The Bizarro-World Farm Report
I almost felt guilty saying it the first time, but I’ll say it again: my life hasn’t changed much since we entered BizarroWorld. The main difference is that I don’t commute to work two days per week.
If we lived in a townhouse with no yard – which was the case in our California days – I’m sure I’d be suffering a bit of cabin fever by now. But on a six-acre mini-farm? Nope, no cabin fever. Spring has sprung, and the farm doesn’t know or care about social distancing, so the work goes on as usual.
Last November I was just starting to cut up a huuuge tree that fell down in the front yard.
I also had plans to cut down and cut up a tree near the creek that was dying and dropping widow-maker branches now and then.
I’d like to tell you how I took my manly tools and did a manly job of hacking through those trees, but I’d be lying. They’re gone now, but the manliest role I played was writing a check. The crew that cuts our pastures suggested coming out before the first cut of the year and doing the cleanup for us. We agreed.
They cut up the huuuge tree (most of it, anyway) and hauled away the wood.
They cut down the tree that was dropping widow-makers.
They also cut down two more dead or dying trees near the creek and burned the burn-pile of dead twigs and branches we’d been building up.
With all that work done by other people, I lodged a half-hearted complaint with Chareva about not getting enough exercise, especially now that the gym is closed. She’s a loving and sympathetic wife, so she solved my dilemma by assigning me the task of tilling the ground for one of her gardens.
It may not look like a physically demanding task, but keep in mind this is Tennessee. The state’s theme song is Rocky Top for good reason. The tiller is billed as a walk-behind model, but when you’re tilling soil on a hill that’s full of rocks and clay, it’s more of a bucking-jumping-wild-animal model. By the time I finished tilling the little plot of land shown below, I was winded and exhausted. Gym? Who needs a gym?
When Chareva doesn’t have chores for me, I’ve been getting outside for some fresh air and physical activity by working on my golf game. I’m not playing actual golf, you understand. My nephew Eric (the Older Brother’s Oldest Son) is an avid golfer, and he recently sent me an email describing what it’s like to play actual golf in BizarroWorld, at least where he lives:
- No concessions, bathrooms, or even clubhouse checkin/pay. Call with credit card or pay online and then show up. They open door, you tell them your name, and then they let you know which person/group you were behind.
- No golf cart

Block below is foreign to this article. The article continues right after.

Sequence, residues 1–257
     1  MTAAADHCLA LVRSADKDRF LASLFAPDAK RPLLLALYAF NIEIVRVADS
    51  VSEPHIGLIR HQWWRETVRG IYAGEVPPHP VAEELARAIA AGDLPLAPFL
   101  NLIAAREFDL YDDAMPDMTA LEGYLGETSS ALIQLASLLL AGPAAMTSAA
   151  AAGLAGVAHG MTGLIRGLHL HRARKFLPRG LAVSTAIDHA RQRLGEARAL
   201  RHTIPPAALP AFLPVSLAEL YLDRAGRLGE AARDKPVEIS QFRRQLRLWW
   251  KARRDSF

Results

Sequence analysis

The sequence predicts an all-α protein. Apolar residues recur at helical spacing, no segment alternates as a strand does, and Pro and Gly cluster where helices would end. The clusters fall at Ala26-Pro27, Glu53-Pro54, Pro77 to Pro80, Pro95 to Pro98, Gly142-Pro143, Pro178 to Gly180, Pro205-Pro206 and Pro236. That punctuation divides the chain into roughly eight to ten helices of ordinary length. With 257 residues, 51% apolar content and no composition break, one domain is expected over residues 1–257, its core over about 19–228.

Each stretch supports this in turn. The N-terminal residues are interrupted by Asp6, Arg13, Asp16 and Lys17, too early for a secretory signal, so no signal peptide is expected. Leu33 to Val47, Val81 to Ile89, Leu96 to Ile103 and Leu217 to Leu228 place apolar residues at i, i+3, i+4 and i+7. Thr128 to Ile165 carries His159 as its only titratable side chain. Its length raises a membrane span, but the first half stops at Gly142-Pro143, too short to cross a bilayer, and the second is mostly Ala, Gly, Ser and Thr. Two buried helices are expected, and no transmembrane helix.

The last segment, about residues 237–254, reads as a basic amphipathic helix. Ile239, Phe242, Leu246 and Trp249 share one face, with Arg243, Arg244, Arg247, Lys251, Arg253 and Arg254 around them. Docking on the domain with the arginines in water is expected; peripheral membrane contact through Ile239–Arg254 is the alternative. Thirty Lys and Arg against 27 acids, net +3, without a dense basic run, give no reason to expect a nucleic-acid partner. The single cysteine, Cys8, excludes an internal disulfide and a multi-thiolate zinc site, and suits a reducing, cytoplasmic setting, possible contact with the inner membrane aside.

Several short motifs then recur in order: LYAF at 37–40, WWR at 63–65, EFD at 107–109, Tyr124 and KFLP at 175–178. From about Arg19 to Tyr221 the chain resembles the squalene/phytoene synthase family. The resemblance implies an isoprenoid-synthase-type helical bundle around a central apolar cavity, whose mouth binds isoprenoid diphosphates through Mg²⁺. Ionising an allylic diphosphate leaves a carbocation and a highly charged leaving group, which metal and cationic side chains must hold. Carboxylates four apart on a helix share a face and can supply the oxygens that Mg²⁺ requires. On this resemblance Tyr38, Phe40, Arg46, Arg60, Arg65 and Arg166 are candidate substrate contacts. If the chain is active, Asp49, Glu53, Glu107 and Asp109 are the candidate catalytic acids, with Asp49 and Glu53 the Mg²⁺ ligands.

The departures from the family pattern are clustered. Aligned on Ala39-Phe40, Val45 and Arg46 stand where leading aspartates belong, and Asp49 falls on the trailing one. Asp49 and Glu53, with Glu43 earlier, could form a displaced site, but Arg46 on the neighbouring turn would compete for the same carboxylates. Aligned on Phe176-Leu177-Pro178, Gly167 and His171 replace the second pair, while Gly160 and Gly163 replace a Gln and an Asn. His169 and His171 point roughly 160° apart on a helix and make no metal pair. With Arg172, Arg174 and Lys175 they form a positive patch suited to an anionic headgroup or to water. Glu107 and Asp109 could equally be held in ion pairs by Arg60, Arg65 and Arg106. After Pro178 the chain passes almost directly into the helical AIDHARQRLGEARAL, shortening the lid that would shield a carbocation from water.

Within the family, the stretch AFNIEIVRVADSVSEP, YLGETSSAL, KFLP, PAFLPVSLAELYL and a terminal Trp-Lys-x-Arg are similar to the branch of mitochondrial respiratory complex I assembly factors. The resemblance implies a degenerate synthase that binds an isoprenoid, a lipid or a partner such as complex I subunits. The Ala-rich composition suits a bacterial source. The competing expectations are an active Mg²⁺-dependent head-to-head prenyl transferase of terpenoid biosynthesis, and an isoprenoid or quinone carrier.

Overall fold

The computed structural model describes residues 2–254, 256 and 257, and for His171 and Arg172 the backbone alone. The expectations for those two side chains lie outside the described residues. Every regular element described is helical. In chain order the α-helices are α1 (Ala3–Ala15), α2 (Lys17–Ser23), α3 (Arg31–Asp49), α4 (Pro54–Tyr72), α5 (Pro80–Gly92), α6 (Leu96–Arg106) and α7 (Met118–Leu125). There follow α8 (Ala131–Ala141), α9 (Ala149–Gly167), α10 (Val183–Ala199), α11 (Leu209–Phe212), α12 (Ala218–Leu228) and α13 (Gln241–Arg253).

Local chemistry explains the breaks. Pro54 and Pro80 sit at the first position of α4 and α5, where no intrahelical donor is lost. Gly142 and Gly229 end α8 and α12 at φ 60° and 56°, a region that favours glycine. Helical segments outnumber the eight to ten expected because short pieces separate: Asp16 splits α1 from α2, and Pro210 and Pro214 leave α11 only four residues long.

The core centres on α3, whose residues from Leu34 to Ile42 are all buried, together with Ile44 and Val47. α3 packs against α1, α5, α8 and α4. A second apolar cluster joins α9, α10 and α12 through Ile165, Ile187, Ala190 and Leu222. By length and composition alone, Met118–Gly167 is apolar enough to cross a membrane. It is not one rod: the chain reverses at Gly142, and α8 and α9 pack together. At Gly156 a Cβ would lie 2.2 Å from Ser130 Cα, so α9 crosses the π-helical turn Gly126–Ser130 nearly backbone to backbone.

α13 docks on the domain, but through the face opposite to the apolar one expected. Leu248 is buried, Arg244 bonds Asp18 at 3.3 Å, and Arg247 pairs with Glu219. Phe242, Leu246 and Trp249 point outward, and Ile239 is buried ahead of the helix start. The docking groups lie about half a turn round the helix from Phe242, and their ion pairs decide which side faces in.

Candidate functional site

- No driving range
- No removing pins. They turned the cup over so the ball would only go down about an inch in the hole to make it easier (and you wouldn’t remove the pin out of habit) to get the ball out.
- They even removed the ball washers and bunker rakes
My (ahem) “golf course” looks like this.
I hit balls into the net. I have a contraption called a Swing Caddie SC2000 that reads the speed of the clubhead and the ball and tells me (in a kindly female voice) the carry distance and the total distance. I’m not sure why the manufacturers chose a female voice. Perhaps they tried a male voice originally and found it was making comments like, Seriously, pal, 125 yards with a seven-iron? Does your husband play too?
During non-Bizzaro times, Chareva spends a chunk of her day running the girls to school, to after-school activities, to her aerial silks classes, etc. That’s all gone for now, so she’s been spending extra time in the garden. She’s been using the wood chips she had delivered last year for garden paths.
This is asparagus she planted three years ago. It will be ready to eat this year. (Some of you carnivores out there may want to avert your eyes.)
The BizarroWorld experience reminded us that we bought the farm partly to be less dependent on the industrial food chain. When we had 40-plus chickens laying so many eggs we had to sell most of them, I felt we could get by for a long time if need be.
Well, Rocky Raccoons One through Nine eventually reduced the flock to seven. During the winter months, we even had to (egads!) occasionally buy eggs at Kroger.
We began re-netting and re-securing one of the old chicken yards last spring, then kind of lost our enthusiasm when our dog Coco was killed. But we’re probably one or two weekends’ worth of work from being done. So last week, Chareva bought nine new chicks. They’re called Golden Comets.
They’re currently living in a trough in the basement. Our cat Rascal is a nice, affectionate pet … but he’s a cat. His brain is hard-wired to issue a kill! command when he sees birds. Chareva engineered this high-tech security system to keep him out of the trough.
When they’re bigger and the old chicken yard is fully secure, we’ll move the existing flock to that yard, then put these chicks in the yard where the existing flock lives. At some point, we’ll need to re-secure the other old chicken yard so we can rotate the two flocks among the three yards.
I hope y’all are keeping your sanity out there. Stay well, my friends.